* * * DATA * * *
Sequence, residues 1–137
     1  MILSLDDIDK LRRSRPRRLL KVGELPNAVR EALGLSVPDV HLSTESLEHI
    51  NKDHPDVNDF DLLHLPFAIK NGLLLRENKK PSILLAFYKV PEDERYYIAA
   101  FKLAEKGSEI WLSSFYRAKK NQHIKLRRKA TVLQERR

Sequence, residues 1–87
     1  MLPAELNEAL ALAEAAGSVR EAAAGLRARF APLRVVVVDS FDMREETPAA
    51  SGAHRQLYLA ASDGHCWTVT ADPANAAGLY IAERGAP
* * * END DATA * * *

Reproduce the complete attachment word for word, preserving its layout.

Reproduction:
Sequence, residues 1–137
     1  MILSLDDIDK LRRSRPRRLL KVGELPNAVR EALGLSVPDV HLSTESLEHI
    51  NKDHPDVNDF DLLHLPFAIK NGLLLRENKK PSILLAFYKV PEDERYYIAA
   101  FKLAEKGSEI WLSSFYRAKK NQHIKLRRKA TVLQERR

Sequence, residues 1–87
     1  MLPAELNEAL ALAEAAGSVR EAAAGLRARF APLRVVVVDS FDMREETPAA
    51  SGAHRQLYLA ASDGHCWTVT ADPANAAGLY IAERGAP